Dr Daniel Han
Applied Mathematics and Neurobiology
Daniel is an applied mathematician and a budding biologist with an MPhys in Theoretical Physics and a PhD in Applied Mathematics and Cell Biology, both from the University of Manchester. During the PhD, he focused on quantifying the movement of intracellular vesicles inside mammalian cells through the theory of stochastic processes, live cell microscopy experiments and data analysis. He has a passion for conducting interdisciplinary scientific research and is curious about how mathematics, especially stochastic processes, can be applied to understand natural phenomena and improve clinical medicine.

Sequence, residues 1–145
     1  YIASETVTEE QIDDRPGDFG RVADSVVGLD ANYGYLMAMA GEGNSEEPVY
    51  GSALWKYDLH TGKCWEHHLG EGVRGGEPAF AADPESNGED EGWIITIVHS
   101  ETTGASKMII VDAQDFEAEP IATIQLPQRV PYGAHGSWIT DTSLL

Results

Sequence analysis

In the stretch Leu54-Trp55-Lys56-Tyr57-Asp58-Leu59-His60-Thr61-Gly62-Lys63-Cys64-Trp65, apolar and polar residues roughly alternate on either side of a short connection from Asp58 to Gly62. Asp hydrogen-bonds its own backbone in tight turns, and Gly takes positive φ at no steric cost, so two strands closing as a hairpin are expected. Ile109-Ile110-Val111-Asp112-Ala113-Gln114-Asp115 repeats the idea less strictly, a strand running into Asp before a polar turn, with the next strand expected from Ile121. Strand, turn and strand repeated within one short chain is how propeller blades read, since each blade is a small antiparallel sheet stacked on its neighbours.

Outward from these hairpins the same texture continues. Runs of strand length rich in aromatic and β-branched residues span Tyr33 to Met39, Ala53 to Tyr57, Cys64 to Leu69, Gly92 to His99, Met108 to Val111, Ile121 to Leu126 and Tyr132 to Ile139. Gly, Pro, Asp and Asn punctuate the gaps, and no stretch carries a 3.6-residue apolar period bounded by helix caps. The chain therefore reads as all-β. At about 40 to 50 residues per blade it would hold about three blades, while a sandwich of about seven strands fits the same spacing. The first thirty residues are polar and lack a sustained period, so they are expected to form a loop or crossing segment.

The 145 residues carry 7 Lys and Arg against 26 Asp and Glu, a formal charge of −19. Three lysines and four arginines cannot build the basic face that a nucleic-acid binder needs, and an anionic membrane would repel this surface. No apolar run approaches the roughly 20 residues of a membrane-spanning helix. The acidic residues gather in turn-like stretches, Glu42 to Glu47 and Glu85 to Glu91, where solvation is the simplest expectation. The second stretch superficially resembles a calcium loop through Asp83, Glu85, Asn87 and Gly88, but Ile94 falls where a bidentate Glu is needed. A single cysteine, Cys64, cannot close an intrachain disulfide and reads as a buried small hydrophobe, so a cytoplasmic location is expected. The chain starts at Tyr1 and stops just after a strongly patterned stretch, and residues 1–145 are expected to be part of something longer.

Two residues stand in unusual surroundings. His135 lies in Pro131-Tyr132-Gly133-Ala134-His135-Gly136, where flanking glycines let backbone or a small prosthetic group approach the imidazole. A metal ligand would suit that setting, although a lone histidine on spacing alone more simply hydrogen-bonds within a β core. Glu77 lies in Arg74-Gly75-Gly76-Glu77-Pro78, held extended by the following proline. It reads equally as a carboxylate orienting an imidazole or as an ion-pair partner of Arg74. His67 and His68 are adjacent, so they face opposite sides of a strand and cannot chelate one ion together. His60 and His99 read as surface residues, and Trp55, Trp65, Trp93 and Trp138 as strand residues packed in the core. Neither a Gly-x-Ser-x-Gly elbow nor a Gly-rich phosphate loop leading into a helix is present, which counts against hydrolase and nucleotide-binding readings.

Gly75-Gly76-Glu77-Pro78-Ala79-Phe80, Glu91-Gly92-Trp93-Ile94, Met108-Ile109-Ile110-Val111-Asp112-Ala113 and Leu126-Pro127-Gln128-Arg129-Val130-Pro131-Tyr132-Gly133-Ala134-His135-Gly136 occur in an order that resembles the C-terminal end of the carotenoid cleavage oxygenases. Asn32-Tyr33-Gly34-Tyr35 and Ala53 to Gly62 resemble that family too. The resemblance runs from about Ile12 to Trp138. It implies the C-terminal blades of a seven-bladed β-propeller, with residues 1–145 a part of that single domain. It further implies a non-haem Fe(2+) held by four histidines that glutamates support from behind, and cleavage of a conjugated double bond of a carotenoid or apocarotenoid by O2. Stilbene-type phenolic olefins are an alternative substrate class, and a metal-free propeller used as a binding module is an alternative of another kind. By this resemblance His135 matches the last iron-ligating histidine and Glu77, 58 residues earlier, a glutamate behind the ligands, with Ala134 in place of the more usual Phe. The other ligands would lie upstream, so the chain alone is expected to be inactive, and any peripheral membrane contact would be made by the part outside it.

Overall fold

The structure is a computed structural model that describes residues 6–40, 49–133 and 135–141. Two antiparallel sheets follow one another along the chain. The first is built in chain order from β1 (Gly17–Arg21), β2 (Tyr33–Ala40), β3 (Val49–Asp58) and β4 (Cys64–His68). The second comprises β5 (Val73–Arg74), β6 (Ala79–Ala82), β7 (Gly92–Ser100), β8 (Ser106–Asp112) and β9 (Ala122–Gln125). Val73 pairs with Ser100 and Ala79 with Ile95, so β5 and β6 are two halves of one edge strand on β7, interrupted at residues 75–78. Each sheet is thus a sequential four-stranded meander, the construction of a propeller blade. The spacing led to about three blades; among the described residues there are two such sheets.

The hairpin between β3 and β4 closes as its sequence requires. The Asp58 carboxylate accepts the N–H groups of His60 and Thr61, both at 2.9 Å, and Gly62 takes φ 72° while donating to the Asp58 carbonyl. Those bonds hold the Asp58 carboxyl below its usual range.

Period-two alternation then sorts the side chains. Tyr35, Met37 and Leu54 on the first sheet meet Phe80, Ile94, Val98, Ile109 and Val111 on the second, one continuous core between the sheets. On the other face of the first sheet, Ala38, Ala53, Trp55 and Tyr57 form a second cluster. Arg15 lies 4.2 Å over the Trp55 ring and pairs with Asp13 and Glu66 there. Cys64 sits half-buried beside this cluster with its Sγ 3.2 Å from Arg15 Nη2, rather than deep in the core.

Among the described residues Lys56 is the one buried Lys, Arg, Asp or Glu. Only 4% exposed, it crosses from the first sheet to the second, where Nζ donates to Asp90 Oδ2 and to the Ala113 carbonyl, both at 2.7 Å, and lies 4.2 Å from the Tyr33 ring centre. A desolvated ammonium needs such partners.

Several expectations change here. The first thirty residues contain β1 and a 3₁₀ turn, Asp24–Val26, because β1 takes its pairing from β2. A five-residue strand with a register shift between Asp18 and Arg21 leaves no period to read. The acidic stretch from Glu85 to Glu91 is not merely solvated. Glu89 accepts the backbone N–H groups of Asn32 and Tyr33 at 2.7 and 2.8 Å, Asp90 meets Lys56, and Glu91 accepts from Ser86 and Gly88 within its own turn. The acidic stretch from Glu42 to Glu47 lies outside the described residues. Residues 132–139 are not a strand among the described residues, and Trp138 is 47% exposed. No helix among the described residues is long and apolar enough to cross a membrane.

Now, he is a postdoctoral researcher in the Neurobiology Division at the MRC Laboratory of Molecular Biology in Cambridge working on understanding how neuron morphologies affect signal propagation in biological neural networks. Using the synapse-scale wiring diagram of the larval Drosophila olfactory circuit mapped by the Cardona and Zlatic labs, he is exploring the intricacies of neural connections through computational modelling, mathematics and neurobiology experiments. Daniel also enjoys teaching in general and often engages in public outreach events.